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Does regulation offer investors 'an appropriate degree of protection'?
REGULATION has always been an integral part of the financial system. As it is recognised today the regulatory framework resulted from financial market liberalisation and a general encouragement of private investors to partake in the markets in the 1980s.
The principal aim of regulation is to maintain both market confidence and financial stability while at the same time offer investors an 'appropriate degree of protection'.
In the 1980s the UK decided that investor protection was required through the entire life cycle of the investment process. I was involved in these initial stages as a young Chartered Accountant helping financial service clients establish compliance functions along with the required business operational processes to address the new regulatory requirements. My PwC partner at the time welcomed the change and regularly expressed his opinion that "regulation is the rule of common sense over stupidity".
Unfortunately, even today his view has never been widely accepted and from the early days I can still remember the wide-scale resistance of the UK financial service industry to adopting the regulation.
This was particularly the case when at first, the industry was required to collect and document adequate information relating to their existing or potential clients which would allow them to not only offer the most appropriate and affordable solutions but provide a documented audit trail that they had indeed done so.
This "Know Your Customer" (KYC) process was seen by the regulator as a sensible way of protecting the investor while it mitigates the risk of mis-selling. For the providers they also believed that it would improve the overall quality of their book of business and ultimately lead to greater profitability.
Over time, however, the KYC process has developed from these humble beginnings to emerge as a widely viewed bureaucratic hurdle to any existing or future relationship. Additionally it now includes a raft of checks aimed at establishing the investor's 'source of funds' thus assisting governments in their fight against money laundering and terrorist financing.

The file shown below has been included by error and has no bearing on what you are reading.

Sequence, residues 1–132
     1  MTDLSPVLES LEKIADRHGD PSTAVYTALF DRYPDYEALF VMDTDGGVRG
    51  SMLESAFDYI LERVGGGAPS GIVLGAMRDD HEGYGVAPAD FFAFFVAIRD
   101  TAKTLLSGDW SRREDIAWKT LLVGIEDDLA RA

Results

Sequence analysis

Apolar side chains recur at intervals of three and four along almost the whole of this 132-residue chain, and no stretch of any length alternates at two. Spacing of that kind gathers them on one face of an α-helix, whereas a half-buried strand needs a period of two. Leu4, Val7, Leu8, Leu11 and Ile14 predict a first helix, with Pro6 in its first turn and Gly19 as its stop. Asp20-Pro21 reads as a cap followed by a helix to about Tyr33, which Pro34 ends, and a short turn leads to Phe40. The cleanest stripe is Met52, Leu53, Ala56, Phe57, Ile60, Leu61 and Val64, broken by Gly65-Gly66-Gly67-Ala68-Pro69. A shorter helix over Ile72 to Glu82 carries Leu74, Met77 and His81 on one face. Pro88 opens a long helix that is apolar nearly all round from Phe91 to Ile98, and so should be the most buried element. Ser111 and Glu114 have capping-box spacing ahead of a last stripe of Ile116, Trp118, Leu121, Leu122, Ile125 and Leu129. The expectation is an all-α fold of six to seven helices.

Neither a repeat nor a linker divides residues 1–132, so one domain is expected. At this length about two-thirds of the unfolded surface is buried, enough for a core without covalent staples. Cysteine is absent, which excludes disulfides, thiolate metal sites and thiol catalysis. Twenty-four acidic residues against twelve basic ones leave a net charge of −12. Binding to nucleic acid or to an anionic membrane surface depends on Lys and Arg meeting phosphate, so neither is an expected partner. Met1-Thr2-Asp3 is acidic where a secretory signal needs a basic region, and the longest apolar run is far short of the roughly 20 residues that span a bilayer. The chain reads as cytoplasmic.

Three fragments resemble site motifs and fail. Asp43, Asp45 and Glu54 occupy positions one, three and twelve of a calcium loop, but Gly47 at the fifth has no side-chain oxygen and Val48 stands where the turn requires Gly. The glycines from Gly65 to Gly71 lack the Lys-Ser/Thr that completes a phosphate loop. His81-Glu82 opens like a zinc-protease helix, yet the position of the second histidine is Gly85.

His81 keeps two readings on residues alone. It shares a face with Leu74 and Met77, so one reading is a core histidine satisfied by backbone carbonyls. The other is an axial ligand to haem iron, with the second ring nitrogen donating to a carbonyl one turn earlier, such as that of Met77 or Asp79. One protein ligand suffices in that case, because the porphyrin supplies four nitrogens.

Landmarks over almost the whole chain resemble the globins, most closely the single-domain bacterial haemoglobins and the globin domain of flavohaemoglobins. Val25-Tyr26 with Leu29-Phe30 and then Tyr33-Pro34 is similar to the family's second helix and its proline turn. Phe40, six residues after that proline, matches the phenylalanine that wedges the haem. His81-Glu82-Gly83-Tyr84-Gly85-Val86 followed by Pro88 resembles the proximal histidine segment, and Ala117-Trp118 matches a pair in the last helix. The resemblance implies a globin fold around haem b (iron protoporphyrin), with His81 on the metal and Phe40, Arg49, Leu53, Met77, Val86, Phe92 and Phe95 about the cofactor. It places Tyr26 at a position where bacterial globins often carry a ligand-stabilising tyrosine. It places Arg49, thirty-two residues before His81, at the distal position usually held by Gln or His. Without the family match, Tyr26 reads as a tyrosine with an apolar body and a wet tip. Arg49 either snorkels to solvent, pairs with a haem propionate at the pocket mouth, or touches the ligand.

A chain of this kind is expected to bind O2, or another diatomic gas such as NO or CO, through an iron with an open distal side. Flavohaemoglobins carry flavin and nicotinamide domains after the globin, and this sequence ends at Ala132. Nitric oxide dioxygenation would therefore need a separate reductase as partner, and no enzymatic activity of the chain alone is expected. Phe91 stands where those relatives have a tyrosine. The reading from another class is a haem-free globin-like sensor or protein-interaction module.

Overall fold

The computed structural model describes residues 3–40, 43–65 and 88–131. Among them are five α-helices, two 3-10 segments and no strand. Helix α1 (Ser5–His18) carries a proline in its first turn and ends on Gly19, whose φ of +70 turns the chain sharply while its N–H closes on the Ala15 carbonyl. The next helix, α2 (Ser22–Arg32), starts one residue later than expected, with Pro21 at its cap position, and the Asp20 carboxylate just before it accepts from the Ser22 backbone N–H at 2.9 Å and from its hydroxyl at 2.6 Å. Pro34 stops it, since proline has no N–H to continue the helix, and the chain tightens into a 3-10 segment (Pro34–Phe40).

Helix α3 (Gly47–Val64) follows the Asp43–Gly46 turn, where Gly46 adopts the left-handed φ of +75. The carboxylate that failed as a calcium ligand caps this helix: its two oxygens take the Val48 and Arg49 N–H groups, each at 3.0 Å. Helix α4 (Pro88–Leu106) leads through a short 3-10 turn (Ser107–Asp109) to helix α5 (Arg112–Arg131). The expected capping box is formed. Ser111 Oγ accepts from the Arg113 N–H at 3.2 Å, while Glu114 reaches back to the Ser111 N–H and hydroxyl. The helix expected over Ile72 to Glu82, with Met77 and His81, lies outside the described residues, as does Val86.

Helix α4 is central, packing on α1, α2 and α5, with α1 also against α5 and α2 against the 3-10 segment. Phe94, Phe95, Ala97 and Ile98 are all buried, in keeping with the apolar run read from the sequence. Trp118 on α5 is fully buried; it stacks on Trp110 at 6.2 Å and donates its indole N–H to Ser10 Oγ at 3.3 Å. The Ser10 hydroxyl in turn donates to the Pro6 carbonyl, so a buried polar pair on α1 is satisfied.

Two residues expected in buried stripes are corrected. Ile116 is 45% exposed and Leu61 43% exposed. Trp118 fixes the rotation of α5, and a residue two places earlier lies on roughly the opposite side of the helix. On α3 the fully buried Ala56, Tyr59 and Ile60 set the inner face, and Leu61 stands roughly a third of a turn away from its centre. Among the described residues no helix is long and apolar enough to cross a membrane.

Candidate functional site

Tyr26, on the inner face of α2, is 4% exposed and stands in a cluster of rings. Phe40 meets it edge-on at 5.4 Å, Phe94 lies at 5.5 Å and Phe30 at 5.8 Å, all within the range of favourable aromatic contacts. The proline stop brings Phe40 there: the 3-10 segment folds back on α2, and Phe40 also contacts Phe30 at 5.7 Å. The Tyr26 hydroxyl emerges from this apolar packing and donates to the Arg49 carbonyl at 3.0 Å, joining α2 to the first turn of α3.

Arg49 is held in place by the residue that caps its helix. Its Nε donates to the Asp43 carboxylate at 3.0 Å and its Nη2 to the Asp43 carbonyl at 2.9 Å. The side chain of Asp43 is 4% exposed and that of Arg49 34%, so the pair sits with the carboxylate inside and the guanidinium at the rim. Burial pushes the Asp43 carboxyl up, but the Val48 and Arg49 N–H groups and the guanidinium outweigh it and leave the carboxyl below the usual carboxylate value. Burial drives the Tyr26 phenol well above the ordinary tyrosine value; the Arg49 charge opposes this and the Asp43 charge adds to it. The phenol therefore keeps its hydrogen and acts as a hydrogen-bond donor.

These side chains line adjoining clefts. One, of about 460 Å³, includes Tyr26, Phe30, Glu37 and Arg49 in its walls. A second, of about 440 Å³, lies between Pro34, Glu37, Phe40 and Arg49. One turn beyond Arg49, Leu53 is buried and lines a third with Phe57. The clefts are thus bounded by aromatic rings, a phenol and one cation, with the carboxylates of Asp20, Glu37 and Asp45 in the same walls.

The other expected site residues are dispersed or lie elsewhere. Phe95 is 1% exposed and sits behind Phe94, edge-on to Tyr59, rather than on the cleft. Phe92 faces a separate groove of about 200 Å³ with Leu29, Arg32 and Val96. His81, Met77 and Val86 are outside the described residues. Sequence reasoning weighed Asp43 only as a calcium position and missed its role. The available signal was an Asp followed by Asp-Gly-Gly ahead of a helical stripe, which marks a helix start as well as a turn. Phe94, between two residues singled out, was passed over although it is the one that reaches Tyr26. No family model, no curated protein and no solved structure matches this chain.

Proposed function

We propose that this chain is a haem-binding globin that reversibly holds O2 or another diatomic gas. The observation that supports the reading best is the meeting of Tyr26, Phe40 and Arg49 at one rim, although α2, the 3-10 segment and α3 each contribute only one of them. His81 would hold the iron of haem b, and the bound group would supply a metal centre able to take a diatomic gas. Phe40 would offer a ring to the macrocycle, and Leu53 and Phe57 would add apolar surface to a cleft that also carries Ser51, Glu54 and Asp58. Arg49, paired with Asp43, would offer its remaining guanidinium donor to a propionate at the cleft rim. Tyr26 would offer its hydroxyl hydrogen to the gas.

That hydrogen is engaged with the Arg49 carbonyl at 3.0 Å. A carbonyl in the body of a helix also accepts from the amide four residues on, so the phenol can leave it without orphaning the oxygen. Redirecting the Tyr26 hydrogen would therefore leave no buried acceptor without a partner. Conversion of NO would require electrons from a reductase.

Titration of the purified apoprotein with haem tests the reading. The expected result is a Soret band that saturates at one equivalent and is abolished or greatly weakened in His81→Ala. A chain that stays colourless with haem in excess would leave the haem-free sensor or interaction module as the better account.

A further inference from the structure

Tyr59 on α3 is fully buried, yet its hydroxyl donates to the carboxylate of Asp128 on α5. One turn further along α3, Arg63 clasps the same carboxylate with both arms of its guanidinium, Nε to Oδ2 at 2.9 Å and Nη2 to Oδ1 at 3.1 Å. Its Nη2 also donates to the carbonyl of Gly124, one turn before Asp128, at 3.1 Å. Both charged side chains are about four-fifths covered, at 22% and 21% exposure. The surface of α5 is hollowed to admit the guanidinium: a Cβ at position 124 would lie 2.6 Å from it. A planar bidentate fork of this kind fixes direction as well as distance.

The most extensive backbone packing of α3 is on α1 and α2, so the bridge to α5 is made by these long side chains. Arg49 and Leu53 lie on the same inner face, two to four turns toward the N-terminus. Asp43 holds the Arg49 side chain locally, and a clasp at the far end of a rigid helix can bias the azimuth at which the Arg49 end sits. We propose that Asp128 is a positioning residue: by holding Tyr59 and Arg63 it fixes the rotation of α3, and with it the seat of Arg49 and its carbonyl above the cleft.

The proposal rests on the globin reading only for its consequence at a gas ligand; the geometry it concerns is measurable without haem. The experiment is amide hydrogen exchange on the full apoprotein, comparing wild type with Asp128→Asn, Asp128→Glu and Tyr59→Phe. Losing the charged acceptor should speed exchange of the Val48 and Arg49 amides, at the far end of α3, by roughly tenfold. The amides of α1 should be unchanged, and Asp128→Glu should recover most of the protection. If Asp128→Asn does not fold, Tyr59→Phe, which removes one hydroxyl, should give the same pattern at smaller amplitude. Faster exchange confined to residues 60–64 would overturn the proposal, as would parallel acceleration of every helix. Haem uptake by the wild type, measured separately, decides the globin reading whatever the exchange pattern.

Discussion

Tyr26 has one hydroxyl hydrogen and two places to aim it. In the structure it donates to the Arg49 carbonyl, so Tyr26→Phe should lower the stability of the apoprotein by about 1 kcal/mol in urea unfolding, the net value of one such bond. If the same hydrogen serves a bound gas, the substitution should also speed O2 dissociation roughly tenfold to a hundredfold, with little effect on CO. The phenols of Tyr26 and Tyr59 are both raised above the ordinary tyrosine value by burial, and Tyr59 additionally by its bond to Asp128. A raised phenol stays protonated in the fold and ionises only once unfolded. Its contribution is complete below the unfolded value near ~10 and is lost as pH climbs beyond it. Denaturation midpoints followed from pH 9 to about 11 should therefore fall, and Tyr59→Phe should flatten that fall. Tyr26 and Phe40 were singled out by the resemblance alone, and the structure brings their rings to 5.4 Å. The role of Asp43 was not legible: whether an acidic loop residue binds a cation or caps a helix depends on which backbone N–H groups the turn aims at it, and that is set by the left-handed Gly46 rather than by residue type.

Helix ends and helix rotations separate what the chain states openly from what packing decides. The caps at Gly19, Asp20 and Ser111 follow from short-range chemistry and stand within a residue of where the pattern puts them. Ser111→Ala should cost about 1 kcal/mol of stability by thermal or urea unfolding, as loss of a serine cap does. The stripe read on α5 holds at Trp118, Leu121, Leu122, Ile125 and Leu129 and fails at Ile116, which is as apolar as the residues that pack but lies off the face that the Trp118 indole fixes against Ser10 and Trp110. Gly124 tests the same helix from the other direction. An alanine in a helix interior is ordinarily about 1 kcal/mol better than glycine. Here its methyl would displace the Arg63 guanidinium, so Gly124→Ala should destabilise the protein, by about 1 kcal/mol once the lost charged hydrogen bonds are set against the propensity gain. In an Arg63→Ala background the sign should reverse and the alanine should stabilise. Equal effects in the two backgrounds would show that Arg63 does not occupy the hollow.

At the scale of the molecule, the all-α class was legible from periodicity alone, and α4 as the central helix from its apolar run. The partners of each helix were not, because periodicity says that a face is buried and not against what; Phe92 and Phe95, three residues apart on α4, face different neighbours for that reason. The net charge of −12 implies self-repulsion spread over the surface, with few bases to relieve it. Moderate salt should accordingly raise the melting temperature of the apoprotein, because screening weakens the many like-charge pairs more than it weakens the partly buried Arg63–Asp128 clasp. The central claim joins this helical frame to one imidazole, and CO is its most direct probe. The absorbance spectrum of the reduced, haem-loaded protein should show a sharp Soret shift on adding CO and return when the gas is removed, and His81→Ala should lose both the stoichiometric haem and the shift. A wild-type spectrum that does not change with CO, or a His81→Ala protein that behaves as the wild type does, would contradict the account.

As a result, can KYC still be regarded as an investor protection or is it more for the protection of the institution they may want to deal with?
Other developments in the area of regulation has spawned what can almost be called an industry in its own right.
The impact of these developments was recently brought home to me when I consulted a well-known European bank looking for advice on establishing a relatively small portfolio. Once we cleared the numerous internal and external regulatory hurdles, we were finally able to discuss my requirements as a customer.
After some time, the perfectly able relationship team presented me with a 64-page document covering suggested options for the planned portfolio.
What struck me the most about the document was not the 10-page options analysis concerning the portfolio but the 40 pages of risk analysis and 14 pages of disclaimers that came along with it.
When I asked the team for a reason for the inclusion of this information, I was met with the blanket answer that it was a regulatory requirement.
Later, studying the 40 pages of risks, it came across quite clearly that those identified were generic risks that apply to all investments but nowhere were they specific to the portfolio I was intending to create.
Again, I question if the regulation that creates such an example is really for the benefit of the investor or is it now just a tick-box exercise which, in my view, has limited or no value?
Clearly the call for ever increasing regulation is laudable when the investment environment is changing so rapidly that an independent investor has difficulty keeping up to date but do regulators have the necessary tools and resources to ensure that they are properly implemented while at the same time protecting the investor?
At a most basic level it almost seems incongruous that the activities of a trader earning $5 million per annum is being regulated by someone who is being paid probably no more than 3 per cent of that amount.
Not only is it just a question of resources but also whether they have the requisite powers to ensure their regulation is effectively implemented.
Although they can impose fines on organisations and in the most extreme examples even shut down businesses, does this address the actual cause of any failures which almost always stems from the actions of individuals or management teams in charge of the businesses concerned.
If one of the aims of regulation is to hold people accountable for their actions, should the regulators also be responsible for enforcing action against those who fail to comply?
This however, seems to be the responsibility of current legal systems which appear to have failed to keep pace with the rapidly changing landscape.
The Global Financial Crisis represents a case in point where despite a wide-scale failure to comply with regulations, no single or group of individuals has ever been held legally accountable.
In summary, there is no question that regulation is a critical element in ensuring the integrity of the financial markets and in the past has offered individual investors welcome protection on which they could place some reliance. However, as investors, given the accelerating changes in the markets, can we still have the same degree of confidence?
My concern does not just relate to regulators but also to other bodies that investors have historically relied on, including auditors, investment advisers, accounting standard boards and market exchanges.
Perhaps it is finally time that investors accept the uncomfortable reality that the future may be one in which the only people they can truly rely on are themselves.
- The writer is a private investor and member of ICAEW